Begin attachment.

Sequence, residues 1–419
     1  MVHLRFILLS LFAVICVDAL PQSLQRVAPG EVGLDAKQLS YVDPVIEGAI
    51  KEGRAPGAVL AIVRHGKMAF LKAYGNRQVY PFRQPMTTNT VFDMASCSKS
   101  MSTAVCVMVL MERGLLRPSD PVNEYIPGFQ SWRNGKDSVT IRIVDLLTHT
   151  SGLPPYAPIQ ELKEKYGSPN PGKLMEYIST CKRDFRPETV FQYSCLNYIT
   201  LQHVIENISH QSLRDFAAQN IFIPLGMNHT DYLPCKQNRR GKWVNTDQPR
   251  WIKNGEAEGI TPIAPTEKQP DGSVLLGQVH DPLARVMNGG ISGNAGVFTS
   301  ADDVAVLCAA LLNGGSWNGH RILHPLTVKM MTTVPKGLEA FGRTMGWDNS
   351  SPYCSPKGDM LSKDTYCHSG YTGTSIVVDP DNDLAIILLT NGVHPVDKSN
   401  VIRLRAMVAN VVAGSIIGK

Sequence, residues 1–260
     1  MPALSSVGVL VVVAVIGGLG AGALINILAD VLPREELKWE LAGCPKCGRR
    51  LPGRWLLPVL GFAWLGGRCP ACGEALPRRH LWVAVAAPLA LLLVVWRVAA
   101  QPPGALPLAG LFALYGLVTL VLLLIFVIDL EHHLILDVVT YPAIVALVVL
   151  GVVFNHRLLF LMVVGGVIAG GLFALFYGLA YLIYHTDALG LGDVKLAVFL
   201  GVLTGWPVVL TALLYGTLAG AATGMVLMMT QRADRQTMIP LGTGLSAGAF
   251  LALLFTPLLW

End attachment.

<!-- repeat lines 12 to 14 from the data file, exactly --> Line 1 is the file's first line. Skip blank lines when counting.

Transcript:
     1  MPALSSVGVL VVVAVIGGLG AGALINILAD VLPREELKWE LAGCPKCGRR
    51  LPGRWLLPVL GFAWLGGRCP ACGEALPRRH LWVAVAAPLA LLLVVWRVAA
   101  QPPGALPLAG LFALYGLVTL VLLLIFVIDL EHHLILDVVT YPAIVALVVL